Meanwhile, the Health Minister has explained that authorities were working assiduously to combat the presence of mosquitoes in various regions.
Earlier this month, regional health authorities in Region Six had complained about a mosquito infestation in the region and had called on the central government for help.
Regional Chairman David Armogan had argued that there were only two fogging machines in the region and that was not enough to battle the mosquito infestation.
“I think we probably would need more fogging machines in light of the regularity at which these mosquitoes have been infesting the region,” the Regional Chairman had expressed.
The Health Ministry has since sent help Dr Anthony told this publication on Friday.
“We’ve had the Vector Control Unit send people up there to help them to increase fogging, also to distribute Abate. Abate is a chemical that is used in water so that you prevent breeding sites from happening, so we’ve been giving them that type of support,” he said.
Moreover, in an interview with reporters earlier in the day, he had assured that there was no need for public panic and no need for parents to keep their children home from school. “There’s no need to do that, dengue is transmitted by mosquitoes, what we have to do is ensure we control the mosquitoes,” he told reporters.
He further explained that with dengue fever, “there’s no specific treatment. We treat symptomatically…” In this regard, he is pleading with persons who develop a fever to “don’t just wait at home”.
“With any child or any person, if you have a fever or any symptoms, please come to the health centre or the hospital so that we can make a diagnosis,” Dr Anthony said.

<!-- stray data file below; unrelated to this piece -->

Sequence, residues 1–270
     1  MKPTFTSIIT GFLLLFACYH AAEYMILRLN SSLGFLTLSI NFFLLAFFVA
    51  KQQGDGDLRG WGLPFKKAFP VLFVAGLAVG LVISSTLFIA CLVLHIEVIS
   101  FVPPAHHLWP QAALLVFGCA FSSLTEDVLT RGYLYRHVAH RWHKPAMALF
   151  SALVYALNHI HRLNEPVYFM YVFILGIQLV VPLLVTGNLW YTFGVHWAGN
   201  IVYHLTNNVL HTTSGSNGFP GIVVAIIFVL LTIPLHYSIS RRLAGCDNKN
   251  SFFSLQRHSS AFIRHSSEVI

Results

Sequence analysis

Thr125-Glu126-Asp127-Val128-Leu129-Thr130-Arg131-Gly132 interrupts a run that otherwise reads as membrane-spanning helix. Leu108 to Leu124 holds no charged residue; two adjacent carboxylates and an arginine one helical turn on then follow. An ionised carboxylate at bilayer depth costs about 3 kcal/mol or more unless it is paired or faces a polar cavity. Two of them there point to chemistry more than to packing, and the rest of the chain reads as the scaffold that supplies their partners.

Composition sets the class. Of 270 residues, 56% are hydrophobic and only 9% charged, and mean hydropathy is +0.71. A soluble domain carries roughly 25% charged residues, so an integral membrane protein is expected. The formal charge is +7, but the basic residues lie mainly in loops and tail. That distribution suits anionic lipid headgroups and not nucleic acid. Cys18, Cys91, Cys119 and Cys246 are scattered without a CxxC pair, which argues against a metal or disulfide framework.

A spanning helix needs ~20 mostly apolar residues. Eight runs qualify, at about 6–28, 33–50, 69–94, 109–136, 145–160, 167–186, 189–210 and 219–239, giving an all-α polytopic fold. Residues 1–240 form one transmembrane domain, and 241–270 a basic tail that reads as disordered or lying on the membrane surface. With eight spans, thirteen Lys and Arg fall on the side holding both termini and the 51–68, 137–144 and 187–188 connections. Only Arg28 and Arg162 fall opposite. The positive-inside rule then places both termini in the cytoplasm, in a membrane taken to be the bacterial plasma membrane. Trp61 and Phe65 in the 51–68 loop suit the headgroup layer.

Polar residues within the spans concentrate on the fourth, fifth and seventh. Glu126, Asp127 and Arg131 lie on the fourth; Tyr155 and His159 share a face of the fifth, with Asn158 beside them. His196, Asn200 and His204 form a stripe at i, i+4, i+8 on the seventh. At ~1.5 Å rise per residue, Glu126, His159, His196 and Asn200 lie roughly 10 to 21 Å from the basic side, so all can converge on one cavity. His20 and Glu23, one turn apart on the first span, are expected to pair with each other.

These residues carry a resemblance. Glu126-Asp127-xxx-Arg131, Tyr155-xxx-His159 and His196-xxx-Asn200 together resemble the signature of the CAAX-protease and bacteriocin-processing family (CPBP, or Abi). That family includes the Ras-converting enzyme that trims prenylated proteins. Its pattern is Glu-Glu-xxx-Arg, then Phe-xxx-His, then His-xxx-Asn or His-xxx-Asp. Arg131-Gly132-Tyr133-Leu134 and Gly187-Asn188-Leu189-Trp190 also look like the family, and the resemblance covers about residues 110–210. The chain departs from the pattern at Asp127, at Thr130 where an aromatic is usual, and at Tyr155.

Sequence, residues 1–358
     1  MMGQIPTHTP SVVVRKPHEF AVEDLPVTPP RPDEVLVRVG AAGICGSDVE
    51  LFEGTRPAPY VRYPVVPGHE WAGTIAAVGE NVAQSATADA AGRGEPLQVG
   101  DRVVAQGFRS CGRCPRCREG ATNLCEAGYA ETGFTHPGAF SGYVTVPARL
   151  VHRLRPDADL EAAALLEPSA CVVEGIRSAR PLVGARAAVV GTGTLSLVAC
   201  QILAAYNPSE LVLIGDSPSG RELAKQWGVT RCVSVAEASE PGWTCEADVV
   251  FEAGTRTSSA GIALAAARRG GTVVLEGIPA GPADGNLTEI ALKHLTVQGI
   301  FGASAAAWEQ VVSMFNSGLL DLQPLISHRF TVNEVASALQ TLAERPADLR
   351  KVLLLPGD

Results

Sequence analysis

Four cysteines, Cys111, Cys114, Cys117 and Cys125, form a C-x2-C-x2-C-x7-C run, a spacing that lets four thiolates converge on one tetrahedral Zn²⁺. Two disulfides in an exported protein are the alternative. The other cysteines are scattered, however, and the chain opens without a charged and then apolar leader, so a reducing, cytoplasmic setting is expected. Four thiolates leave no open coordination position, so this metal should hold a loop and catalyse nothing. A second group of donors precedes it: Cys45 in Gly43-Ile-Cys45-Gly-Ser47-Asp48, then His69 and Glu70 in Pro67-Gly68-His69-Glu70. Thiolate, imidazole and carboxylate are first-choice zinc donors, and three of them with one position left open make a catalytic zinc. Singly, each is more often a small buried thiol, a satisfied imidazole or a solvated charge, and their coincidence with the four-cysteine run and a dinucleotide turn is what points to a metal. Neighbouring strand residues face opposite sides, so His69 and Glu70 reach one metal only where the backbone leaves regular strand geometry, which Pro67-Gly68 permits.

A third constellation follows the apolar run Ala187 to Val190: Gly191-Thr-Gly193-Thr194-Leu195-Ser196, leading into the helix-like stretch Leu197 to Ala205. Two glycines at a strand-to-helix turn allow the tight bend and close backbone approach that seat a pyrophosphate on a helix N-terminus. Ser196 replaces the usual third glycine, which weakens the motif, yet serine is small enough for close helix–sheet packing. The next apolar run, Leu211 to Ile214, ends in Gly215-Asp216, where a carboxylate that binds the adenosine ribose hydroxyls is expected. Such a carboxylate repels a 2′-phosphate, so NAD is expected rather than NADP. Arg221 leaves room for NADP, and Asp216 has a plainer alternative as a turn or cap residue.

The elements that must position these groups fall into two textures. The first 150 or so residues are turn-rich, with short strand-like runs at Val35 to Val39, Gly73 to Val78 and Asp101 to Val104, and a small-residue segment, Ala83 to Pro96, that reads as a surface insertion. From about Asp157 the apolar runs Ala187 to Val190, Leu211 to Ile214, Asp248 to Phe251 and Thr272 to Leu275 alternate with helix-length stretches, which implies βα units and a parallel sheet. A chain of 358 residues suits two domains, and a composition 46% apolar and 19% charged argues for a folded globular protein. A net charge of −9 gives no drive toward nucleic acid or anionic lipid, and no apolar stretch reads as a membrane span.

Dengue stats
Updated statistics on dengue fever in the country are not immediately known. However, this publication has been informed that for the week of April 7-12, several cases have been recorded nationwide.
Five cases were recorded in Region One (Barima-Waini); four cases in Region Two (Pomeroon-Supenaam); two cases in Region Three (Essequibo Islands-West Demerara); four cases in Region Four (Demerara-Mahaica); one case in Region Five (Mahaica-Berbice); two cases in Region Six (East Berbice-Corentyne); three cases in Region Eight (Potaro-Siparuni); 15 cases in Region Nine (Upper Takutu-Essequibo); and six cases in Region 10 (Upper Demerara-Berbice).
Meanwhile, for the year so far, two dengue-related deaths have been recorded.
In August last year, two children – aged 9 and 11 – died from dengue fever at the Georgetown Public Hospital.
During the same period, the Health Ministry had reported that there were some 2169 confirmed cases of dengue in the country, and over 200 patients were hospitalised. Moreover, as of August 2023, 11 dengue-related deaths were recorded for the year.

According to a January 2024 World Health Organisation (WHO) report, “dengue has become a growing public health concern with approximately four billion people in 130 countries identified at risk of infection. Since the beginning of 2023, the world has been facing an upsurge of dengue cases and deaths reported in endemic areas, with further spread to areas previously free of dengue. More than five million dengue cases and over 5000 dengue-associated deaths have been recorded across all six WHO regions.”
In March of this year, the Pan American Health Organisation (PAHO) warned about the surge in dengue cases in the Americas. As of March 26, 2024, over 3.5 million cases and more than 1000 deaths have been reported in the region.